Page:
Perry noted his history of helping to boost wind generation in Texas while serving as the governor of that state and his commitment to an "all-of-the-above energy strategy." He said he still is committed to that approach but noted that "the wind doesn't always blow, the sun doesn't always shine, the gas pipelines ... can't guarantee every day that supply is going to be there."
Pallone said he sent a letter to Perry seeking details on how the Energy Department crafted its proposal, including records of meetings between Perry and his staff and the taxpayer funds spent developing the request.
Rep. Paul Tonko, D-N.Y., also hit Perry over the costs of and need for the proposal, recalling that the DOE assessment noted that over 90% of power interruptions stem from distribution system problems rather than ones at generating units.
"What factors did you consider when deciding it would be more cost-effective to support specific types of generation to enhance reliability rather than shooting right at improving infrastructure," Tonko asked.
Perry responded that "the cost-effective argument on this is secondary to whether or not the lights are going to come on."
When pressed further about the cost to consumers, Perry said, "What's the cost of freedom? What does it cost to build a system to keep America free? I'm not sure I want to just put that straight out on the free market and say, 'OK, whoever can build the cheapest delivery system here to keep American free.'"
Tonko responded that businesses and manufacturers were concerned about the cost of the agency's request, but Perry said, "I'm concerned about a citizen that's calling you up and saying, 'Why did you not address this issue when you had the opportunity to in 2017?'"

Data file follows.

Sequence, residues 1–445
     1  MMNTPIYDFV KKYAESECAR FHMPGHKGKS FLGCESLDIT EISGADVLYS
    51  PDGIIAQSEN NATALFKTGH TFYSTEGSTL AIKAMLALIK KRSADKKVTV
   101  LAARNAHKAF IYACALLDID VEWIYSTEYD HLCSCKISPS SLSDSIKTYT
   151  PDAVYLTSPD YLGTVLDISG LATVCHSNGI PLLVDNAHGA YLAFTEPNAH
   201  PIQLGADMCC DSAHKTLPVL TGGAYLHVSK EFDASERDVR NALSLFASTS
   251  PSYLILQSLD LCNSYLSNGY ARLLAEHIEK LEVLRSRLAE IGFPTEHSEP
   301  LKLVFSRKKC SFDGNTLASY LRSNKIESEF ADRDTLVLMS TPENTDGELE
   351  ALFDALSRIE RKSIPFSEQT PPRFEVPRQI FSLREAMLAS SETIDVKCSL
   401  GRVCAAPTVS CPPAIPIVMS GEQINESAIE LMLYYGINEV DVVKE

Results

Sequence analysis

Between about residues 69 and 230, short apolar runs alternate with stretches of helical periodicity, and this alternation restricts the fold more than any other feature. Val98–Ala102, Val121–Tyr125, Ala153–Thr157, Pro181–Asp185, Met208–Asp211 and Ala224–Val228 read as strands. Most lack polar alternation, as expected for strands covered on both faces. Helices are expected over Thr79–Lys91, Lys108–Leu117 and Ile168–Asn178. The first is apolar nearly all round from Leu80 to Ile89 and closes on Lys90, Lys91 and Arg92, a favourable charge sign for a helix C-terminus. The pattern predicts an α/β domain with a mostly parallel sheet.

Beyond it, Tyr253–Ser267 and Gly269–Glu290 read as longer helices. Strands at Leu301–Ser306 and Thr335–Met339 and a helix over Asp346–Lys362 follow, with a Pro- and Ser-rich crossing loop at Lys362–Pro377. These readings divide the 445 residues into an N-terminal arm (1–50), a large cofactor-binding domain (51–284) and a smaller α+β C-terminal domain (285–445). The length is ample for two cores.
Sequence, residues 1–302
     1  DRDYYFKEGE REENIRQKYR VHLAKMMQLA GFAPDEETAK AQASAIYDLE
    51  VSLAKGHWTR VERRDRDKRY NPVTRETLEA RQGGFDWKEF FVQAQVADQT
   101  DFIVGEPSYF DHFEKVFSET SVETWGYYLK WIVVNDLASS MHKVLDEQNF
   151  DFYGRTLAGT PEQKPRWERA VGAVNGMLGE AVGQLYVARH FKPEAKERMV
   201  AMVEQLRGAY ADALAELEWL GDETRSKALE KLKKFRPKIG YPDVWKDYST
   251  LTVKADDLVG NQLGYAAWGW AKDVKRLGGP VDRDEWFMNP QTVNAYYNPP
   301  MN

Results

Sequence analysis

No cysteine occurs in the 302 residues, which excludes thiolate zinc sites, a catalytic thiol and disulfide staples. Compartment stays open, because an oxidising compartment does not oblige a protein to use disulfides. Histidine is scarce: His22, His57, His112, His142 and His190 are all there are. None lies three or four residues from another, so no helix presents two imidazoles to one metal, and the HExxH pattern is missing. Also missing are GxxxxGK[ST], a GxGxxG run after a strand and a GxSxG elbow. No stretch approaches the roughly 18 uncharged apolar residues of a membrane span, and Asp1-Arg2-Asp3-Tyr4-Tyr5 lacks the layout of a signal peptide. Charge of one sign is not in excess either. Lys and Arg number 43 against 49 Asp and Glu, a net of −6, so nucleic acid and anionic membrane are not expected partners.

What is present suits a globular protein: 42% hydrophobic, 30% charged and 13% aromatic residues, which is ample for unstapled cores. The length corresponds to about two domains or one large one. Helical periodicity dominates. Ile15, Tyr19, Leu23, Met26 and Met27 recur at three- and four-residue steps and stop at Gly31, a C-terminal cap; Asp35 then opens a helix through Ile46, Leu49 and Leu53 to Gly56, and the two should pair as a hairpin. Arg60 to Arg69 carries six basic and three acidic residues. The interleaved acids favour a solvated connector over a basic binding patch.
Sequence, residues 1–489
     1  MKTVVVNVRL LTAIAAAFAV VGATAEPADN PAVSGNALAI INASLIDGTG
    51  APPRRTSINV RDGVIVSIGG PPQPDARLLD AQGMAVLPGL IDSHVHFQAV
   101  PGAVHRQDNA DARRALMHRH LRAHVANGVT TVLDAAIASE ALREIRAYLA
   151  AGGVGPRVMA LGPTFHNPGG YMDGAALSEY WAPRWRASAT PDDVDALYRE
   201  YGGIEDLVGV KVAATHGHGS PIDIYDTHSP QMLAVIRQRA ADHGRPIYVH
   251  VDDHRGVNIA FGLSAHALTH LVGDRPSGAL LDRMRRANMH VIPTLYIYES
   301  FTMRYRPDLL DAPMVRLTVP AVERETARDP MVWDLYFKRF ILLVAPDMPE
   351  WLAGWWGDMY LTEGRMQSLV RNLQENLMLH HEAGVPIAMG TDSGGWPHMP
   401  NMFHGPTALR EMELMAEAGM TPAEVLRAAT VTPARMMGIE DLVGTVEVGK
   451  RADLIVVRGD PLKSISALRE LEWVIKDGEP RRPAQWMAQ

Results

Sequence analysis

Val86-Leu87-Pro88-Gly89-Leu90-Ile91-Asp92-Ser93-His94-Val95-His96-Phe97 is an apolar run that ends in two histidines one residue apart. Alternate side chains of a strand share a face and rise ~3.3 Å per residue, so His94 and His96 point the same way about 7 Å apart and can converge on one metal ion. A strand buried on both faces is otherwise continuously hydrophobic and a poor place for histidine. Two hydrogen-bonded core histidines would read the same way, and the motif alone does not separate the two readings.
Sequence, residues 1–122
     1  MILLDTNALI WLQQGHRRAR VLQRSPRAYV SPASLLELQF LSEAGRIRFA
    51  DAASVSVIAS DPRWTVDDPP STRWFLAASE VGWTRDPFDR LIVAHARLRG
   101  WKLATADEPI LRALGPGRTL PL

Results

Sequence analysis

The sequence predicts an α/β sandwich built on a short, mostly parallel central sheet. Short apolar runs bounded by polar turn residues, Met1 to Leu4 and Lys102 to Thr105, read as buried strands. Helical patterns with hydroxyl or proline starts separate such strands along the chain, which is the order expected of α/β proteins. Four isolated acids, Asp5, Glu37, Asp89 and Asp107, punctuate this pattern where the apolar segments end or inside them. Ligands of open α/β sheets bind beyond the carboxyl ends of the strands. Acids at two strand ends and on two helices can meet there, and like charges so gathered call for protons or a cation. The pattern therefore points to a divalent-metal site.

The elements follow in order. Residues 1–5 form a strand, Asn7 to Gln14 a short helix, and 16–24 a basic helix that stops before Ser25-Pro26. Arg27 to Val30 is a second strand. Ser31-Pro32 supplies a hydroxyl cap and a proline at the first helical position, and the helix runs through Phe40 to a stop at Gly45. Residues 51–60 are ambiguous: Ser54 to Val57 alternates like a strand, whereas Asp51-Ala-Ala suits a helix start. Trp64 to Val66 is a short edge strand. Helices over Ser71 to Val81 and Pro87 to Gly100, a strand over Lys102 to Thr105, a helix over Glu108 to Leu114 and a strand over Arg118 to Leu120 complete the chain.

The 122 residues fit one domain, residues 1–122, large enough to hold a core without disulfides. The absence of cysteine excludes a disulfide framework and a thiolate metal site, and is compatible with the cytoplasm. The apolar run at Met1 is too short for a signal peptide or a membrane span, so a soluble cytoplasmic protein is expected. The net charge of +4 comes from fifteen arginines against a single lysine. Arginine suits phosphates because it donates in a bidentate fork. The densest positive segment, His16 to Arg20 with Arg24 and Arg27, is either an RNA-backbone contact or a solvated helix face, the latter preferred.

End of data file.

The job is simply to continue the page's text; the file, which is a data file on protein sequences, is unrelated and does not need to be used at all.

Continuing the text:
In response to concerns that the proposal was anti-competitive, Perry said a "perfect free market world" does not exist, with multiple energy sources from renewables to oil and gas receiving tax preferences or subsidies of some kind.
He said he did not have a problem with subsidies but added later in the hearing that he looked at wind and solar energy "kind of like my kids" in terms of receiving extra market support: "Once they're out of college, they're kind of on their own."
FERC is working quickly to respond to the DOE's notice, which gave the commission 60 days to act. FERC denied a request from industry trade groups seeking more time to file comments.
Supporters of the proposal are happy about the expediency. At the Oct. 12 hearing, Rep. Kevin Cramer, R-N.D., asserted that baseload generating assets, such as coal and nuclear plants, are "inherently more reliable" than other energy resources and Perry was "entirely appropriate and right" to push for the price formation rule.
Rep. Morgan Griffith, R-Va., echoed those sentiments. "I appreciate you trying to do something in advance of a problem," he said. Rep. Fred Upton of Michigan, the leading Republican on the energy subcommittee, was more measured, saying he would "reserve judgement" for now.